Selection of a technique for computing river discharges was dictated by the objectives of the model and the type and quantity of data available. The network of stream gaging and water quality stations shown in Figure 2 was the primary source of data for the region. All of these stations are part of the regular data gathering program of the United States Geological Survey. Little information on groundwater quality, quantity, or movement was available so this portion of the hydrologic cycle could not be isolated and treated as a separate identity in the model.
The time of flow from the western portion of the model area to the outlet of the basin at Kansas City varies from 3 to 4 weeks at average discharges to approximately 6 weeks at low flows. This factor coupled with the precipitation pattern which occurs in the region below the reservoirs produces rapid variations in discharge in the river network. A 1-day time increment was therefore considered necessary to adequately model the system. While the use of average monthly flows would simplify computer operations, this time interval would not provide a meaningful examination of either discharge or water quality.
The translation of flows downstream was accomplished by use of the hyperbolic relationship between average velocity and discharge developed by Leopold and Maddock (1953). Storage attenuation was not included in the translation procedure. This simplification limits the applicability of the model to bankfull channel discharges on the major rivers in the system. Fortunately, these are the flows of primary significance in water quality management. The model will adequately reproduce the translation of flood flows on small tributaries that are subsequently confined within the banks of the major streams. This observation is based in part on a series of dye studies (Kansas State Department of Health, 1967), and in part on the results of the hydrologic simulation studies discussed below.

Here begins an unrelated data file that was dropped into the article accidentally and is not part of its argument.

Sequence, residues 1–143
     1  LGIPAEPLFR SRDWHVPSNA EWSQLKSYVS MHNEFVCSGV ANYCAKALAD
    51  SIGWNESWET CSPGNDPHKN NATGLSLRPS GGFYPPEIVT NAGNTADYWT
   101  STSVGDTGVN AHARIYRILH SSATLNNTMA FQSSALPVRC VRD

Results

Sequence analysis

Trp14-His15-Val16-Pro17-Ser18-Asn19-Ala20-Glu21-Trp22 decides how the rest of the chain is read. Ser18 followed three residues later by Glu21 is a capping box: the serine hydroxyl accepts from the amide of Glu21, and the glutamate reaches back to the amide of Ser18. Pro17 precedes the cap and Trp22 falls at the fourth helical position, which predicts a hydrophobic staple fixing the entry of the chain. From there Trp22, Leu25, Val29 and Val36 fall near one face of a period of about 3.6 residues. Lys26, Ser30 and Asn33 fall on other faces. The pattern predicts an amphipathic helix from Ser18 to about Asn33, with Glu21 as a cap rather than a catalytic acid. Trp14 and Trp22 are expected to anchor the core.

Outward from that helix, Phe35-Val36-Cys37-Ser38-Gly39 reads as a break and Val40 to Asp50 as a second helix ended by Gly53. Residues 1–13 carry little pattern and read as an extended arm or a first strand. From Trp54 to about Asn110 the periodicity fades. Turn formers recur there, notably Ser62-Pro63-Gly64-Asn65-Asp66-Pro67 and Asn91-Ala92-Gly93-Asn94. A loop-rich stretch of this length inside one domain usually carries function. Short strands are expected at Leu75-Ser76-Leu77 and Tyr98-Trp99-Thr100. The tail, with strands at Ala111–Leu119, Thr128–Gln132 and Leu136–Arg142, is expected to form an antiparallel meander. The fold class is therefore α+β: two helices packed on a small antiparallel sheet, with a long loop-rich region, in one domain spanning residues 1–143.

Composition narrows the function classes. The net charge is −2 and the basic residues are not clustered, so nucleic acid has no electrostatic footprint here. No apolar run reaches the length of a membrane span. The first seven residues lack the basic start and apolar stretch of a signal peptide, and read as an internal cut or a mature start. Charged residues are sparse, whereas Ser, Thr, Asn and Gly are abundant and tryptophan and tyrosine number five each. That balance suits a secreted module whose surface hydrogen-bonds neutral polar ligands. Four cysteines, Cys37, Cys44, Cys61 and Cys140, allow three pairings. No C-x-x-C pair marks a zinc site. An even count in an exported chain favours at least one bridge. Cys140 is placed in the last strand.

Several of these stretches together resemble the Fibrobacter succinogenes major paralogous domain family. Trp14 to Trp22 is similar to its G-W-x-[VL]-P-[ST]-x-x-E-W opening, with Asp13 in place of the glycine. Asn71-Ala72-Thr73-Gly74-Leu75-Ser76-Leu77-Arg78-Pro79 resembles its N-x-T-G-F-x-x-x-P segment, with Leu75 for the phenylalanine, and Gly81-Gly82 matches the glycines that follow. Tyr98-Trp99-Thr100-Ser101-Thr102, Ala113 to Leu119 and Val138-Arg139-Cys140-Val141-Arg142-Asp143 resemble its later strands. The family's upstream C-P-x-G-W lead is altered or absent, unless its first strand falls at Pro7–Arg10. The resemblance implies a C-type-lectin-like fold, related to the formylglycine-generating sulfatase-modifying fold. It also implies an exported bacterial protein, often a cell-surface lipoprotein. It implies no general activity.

The hydrologic flow pattern was simulated by starting at the western-most point in the sub-basin and adding or subtracting water as the flow proceeded downstream. Input data were inserted at the six reservoir sites surrounding the region and at 14 tributary gages shown in Figure 2. These latter gages control less than 40 percent of the land area in the model area, however, so it was necessary to synthesize daily flow inputs, termed QADDS, for the rest of the area.
Figure 2--Discharge input locations and water quality and discharge monitoring locations currently used in the lower Kansas River Basin model.